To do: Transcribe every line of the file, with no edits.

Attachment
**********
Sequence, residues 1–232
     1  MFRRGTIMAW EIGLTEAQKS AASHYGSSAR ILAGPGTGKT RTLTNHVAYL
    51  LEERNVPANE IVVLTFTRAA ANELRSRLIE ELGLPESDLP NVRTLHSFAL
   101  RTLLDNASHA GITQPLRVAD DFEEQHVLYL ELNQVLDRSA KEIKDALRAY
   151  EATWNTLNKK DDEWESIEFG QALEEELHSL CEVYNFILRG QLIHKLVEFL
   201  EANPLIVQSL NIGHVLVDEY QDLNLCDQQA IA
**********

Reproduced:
Sequence, residues 1–232
     1  MFRRGTIMAW EIGLTEAQKS AASHYGSSAR ILAGPGTGKT RTLTNHVAYL
    51  LEERNVPANE IVVLTFTRAA ANELRSRLIE ELGLPESDLP NVRTLHSFAL
   101  RTLLDNASHA GITQPLRVAD DFEEQHVLYL ELNQVLDRSA KEIKDALRAY
   151  EATWNTLNKK DDEWESIEFG QALEEELHSL CEVYNFILRG QLIHKLVEFL
   201  EANPLIVQSL NIGHVLVDEY QDLNLCDQQA IA